The goal of this project is to understand how cholesterol and BA levels are regulated by SHP in the liver. We have shown that SHP inhibits transcription of cholesterol 7α hydroxylase (CYP7A1), a key enzyme in the conversion of cholesterol into BAs, by coordinately recruiting chromatin modifying enzymes, including HDACs, G9a, and LSD1. We are investigating the in vivo role of these enzymes in regulating BA levels and protecting liver against BA toxicity. In addition, we are studying how SHP stability and repression activity is regulated by BA signal-induced PTMs. Further, to identify global SHP binding sites and its novel functions in mouse liver, we performed genome-scale ChIP-seq and RNA-seq studies. These unbiased comprehensive analyses have revealed exciting potential new functions of SHP. We are currently examining these novel functions of SHP and its mechanisms. Also, SHP has been designated an orphan nuclear receptor, but whether its activity can be modulated by ligands has been a long-standing question. Recently, we reported that atypical retinoids, including 3Cl-AHPC, act as agonists that increase SHP activity. In continued studies, we are searching for endogenous ligand(s) of SHP.

III. Regulation of SIRT1 in Physiology and Disease

Sirtuin 1 (SIRT1) is a NAD+-dependent deacetylase that functions as a key metabolic/energy sensor and mediates homeostatic responses to nutrient availability. Mounting evidence indicates that SIRT1 shows beneficial impacts on metabolism and energy balance. Importantly, SIRT1 activity and levels are decreased in obesity and aged animals but the underlying mechanisms are largely unknown. Our group has shown that SIRT1 is a critical determinant of acetylation levels of FXR and SREBP-1c and modulate their activity in regulation of metabolic pathways. For example, deacetylation of SREBP-1c decreases its gene activity by inhibiting DNA binding and promoting protein degradation. We further showed that SIRT1 levels and activity are decreased by microRNA-34a, which is highly elevated in obesity. We continue to study how SIRT1 expression and activity are dynamically regulated during fasting/feeding cycles in physiological conditions and how dysregulated in metabolic diseases.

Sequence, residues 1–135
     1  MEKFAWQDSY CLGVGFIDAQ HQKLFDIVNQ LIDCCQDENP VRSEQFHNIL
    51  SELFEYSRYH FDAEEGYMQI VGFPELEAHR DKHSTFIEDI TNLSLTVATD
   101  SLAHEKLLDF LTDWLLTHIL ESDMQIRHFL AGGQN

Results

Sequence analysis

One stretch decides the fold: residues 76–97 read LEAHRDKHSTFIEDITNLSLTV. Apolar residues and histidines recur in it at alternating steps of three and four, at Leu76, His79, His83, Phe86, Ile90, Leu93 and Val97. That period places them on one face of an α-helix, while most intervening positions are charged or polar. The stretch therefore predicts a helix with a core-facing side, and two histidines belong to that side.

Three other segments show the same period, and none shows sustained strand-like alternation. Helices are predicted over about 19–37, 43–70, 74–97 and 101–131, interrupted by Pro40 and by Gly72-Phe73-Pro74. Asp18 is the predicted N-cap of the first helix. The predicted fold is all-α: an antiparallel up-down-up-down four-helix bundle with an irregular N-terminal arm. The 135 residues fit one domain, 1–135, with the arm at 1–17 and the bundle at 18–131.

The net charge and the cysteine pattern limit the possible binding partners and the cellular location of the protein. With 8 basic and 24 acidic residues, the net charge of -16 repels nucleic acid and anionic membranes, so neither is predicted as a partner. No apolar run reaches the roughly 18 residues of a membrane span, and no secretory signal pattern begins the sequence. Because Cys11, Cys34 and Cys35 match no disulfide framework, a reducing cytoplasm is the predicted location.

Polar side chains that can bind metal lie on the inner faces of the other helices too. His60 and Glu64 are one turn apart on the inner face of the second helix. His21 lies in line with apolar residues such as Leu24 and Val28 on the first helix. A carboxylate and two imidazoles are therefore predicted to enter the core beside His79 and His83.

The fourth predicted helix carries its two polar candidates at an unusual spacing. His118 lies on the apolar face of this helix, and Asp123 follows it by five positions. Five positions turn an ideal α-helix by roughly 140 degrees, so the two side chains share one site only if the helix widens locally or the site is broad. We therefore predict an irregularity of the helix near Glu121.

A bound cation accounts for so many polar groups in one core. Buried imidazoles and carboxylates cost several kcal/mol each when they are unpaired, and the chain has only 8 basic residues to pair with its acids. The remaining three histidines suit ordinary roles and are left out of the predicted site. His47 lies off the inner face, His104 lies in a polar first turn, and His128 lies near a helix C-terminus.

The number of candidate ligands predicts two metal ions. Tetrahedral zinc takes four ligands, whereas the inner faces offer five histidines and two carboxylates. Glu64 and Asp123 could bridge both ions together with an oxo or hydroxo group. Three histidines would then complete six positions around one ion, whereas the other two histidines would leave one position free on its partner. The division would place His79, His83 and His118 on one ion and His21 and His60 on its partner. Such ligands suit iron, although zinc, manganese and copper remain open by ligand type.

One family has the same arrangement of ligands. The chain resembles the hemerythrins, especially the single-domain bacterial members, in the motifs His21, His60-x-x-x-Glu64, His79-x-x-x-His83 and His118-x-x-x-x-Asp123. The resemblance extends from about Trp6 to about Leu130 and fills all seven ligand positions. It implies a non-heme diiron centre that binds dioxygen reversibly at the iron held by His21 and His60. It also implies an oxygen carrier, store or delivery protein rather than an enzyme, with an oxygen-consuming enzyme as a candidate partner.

IV. MicroRNAs as Key Regulators of Energy Metabolism and Liver Injury

MiR-34a is highly elevated in obese animals and also in obesity patents. We have shown that elevated miR-34a underlies metabolic dysfunction associated with obesity. Particularly, in recent studies (MCB, 2014), we show that elevated miR-34a in obesity inhibits fat browning by suppressing the browning activators, FGF21 and SIRT1. Downregulation of miR-34a in diet-induced obese mice reduced adiposity and increased mitochondria functions. Strikingly, downregulation of miR-34a dramatically increased beige depots in all types of white fats and increased additional browning in brown fat. Mechanistically, downregulation of miR-34a increased expression of the FGF21 receptor complex, FGFR1/βKL, and SIRT1, resulting in deacetylation of the key thermogenic coactivator PGC-1α and induction of the browning-related genes, Ucp1, Pgc-1a, and Prdm16. In previous studies, we also showed that downregulation of miR-34a dramatically decreased liver fat levels and improved insulin sensitivity. Targeting miR-34a may provide an attractive option for treating obesity-related diseases, including fatty liver and type 2 diabetes.

Office Address

Department of Molecular & Integrative Physiology
524 Burrill Hall
407 S. Goodwin Ave
Urbana, IL 61801

Office Phone

(217) 333-6317